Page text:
Everything Feels Like the End of the World

How do we save the world? Is the concept of hope in the face of crisis radical or naïve? Are billionaires like Mike Cannon Brookes changing the world for the better or is it just the echo of the ‘technology not taxes’ war cry?

Humans organise and process information in terms of story, which makes short stories about climate change a powerful tool to change hearts and minds. As we try to preserve our hope, maybe we find answers by slashing word counts while we slash carbon emissions.

Authors Alice Bishop, Else Fitzgerald and Yumna Kassab share how they eke out the answers with host Astrid Edwards asking the questions.

The Panel

Alice Bishop was Sydney Morning Herald / The Age’s Best Young Australian Novelist for 2020. Her book A Constant Hum is out with Text Publishing. A collection of short fiction about Black Saturday’s aftermath, A Constant Hum was shortlisted for the Readings Prize for New Australian Fiction and in the Queensland Literary Awards for short fiction, and has featured in the New York Times. Find her @BishopAlice. Alice was a participant in the RMIT Culture McCraith House Creative Residency Program.

Else Fitzgerald is a writer based on the Mornington Peninsula. Her writing has appeared in various publications including Australian Book Review, Meanjin, The Guardian and Award Winning Australian Writing. Else won the 2019 Richell Prize for Emerging Writers. Her debut collection of short stories, Everything Feels like the End of the World, was published in August 2022 by Allen&Unwin

Yumna Kassab is a writer from Western Sydney. She studied medical science and neuroscience at university. Her first book of short stories, The House of Youssef, has been listed for prizes including the Victorian Premier’s Literary Award, Queensland Literary Award, NSW Premier’s Literary Award and The Stella Prize.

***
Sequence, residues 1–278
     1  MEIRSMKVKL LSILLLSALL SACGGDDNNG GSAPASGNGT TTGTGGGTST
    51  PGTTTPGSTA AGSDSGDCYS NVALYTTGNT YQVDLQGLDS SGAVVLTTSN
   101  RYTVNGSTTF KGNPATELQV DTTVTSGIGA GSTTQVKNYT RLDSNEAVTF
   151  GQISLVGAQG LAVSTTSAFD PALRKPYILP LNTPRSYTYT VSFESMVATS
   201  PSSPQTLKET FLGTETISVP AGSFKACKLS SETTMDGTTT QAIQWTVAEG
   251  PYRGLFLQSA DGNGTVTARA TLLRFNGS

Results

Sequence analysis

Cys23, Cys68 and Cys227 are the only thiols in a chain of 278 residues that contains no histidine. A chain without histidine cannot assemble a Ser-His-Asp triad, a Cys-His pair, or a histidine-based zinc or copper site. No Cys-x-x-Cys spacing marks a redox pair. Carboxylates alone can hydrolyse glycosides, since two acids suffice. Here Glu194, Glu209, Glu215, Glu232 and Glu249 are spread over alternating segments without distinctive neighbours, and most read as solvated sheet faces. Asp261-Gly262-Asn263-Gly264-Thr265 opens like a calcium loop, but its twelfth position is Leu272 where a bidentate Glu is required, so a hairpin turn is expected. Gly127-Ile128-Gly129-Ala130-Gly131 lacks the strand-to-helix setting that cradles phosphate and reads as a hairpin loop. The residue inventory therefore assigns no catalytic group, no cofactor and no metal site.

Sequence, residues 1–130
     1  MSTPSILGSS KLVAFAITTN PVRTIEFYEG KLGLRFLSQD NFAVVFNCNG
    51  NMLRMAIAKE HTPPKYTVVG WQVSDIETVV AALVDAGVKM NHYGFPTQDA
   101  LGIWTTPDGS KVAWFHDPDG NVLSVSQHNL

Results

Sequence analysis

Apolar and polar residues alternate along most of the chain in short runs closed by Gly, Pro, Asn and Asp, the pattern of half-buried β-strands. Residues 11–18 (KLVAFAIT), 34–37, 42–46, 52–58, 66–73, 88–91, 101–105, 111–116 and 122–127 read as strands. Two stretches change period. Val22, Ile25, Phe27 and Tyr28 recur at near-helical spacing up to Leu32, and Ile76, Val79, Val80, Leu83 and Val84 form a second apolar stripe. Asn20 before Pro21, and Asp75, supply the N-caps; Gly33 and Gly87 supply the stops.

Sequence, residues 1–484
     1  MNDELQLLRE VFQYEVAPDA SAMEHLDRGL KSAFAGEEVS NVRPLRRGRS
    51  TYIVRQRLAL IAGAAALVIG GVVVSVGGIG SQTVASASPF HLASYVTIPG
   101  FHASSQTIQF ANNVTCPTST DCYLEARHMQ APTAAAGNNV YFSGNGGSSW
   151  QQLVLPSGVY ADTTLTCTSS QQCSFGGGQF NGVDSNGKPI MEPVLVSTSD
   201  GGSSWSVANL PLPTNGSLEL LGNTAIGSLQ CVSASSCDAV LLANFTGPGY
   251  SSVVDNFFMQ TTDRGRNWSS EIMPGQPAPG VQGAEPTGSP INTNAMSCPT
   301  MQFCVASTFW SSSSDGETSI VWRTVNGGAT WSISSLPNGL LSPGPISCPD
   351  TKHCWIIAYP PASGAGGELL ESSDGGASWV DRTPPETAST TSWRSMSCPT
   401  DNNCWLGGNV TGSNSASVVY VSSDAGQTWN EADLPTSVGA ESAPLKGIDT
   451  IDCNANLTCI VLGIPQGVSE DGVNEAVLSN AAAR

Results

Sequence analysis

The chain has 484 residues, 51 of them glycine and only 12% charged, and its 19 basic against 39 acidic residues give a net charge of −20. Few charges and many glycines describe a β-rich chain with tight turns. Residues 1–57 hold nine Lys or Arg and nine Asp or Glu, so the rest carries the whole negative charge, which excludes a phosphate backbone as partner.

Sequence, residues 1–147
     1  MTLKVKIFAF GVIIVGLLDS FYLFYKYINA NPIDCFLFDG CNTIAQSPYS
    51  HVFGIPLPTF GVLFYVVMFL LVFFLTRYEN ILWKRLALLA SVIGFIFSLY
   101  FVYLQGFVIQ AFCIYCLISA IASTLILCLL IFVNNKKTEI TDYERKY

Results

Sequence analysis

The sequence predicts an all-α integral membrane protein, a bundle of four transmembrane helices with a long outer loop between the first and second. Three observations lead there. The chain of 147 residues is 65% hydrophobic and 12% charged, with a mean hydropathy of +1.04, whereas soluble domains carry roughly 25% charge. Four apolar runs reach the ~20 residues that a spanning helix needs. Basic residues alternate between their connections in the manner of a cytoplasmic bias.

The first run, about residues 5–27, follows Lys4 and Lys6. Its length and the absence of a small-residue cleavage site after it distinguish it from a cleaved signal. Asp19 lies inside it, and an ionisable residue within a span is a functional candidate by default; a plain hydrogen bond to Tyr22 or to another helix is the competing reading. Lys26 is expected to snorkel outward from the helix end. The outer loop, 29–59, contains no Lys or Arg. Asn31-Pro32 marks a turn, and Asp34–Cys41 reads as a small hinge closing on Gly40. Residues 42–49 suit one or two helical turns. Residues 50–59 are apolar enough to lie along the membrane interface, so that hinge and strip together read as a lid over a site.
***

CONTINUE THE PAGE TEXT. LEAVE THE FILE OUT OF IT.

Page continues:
Astrid Edwards is an interviewer, podcaster and advocate. She is a bibliophile and hosts two bookish podcasts – The Garret: Writers on Writing and Anonymous Was A Woman. She is the former Chair of Melbourne Writers Festival and teaches into RMIT’s Associate Degree of Professional Writing and Editing.

Agent Bodies — Body Melt

On June 15, ponder the permeability of bodies with Agent Bodies curators, Mikala Dwyer and Drew Pettifer, for a screening of Philip Brophy’s 1993 “gloriously gruesome, maddeningly moist, furiously filthy, and despicably disgusting” Australian satirical horror, Body Melt.

Reflecting on the varying states of bodily integrity as explored in RMIT Gallery’s current exhibition Agent Bodies, Dwyer and Pettifer will preface the screening with an introduction and presentations of two exclusive artwork screenings by RMIT PhD candidates Mig Dann and Daniel R. Marks.

 

Jonathan Franzen

The author of six acclaimed novels including The Corrections, Freedom and Purity, his latest release Crossroads was selected as the Guardian UK Best Fiction Book of 2021 and an Independent Book of the Year, and proves him, once again, to be a master of the modern family saga.

Presented in partnership with the Wheeler Centre, this event will take place at The Capitol, alongside Astrid Edwards, host of The Garret: Writers on Writing podcast, for a conversation about Crossroads, his writing life and the state of the modern novel. Astrid also teaches in the Associate Degree of Professional Writing and Editing at RMIT University.

RMIT Culture Talks: What Does Waste Mean to You?

This interactive panel will explore how circular economy practices could re-imagine what waste is and what we can do with it. Focusing on high-impact areas in our city (such as fashion and textiles), the discussion will shed light on what is happening in circular economies in Victoria and beyond. You will hear from a range of voices, including academics, sustainability and circular economy experts, and students, and watch a screening of short documentaries produced by RMIT students exploring waste, circular economy research and teaching at RMIT. Presented by the Circular Economy Hub@RMIT, IC3P (Integrated Circular Economy, Climate Resilience and Clean Energy Platform) and the Victorian Circulator Activator. 

With Sean Trewick, Donna Portis, Kate Dundas, Zandy Powell, Rachel Roberts and Julia English 

This event is part of the RMIT Culture Talks: a four-part series designed to translate knowledge and examine issues affecting the community in an engaging and accessible way. Each session will include RMIT academics as speakers alongside collaborators, industry representatives and community members, showcasing creative, innovative ideas and research.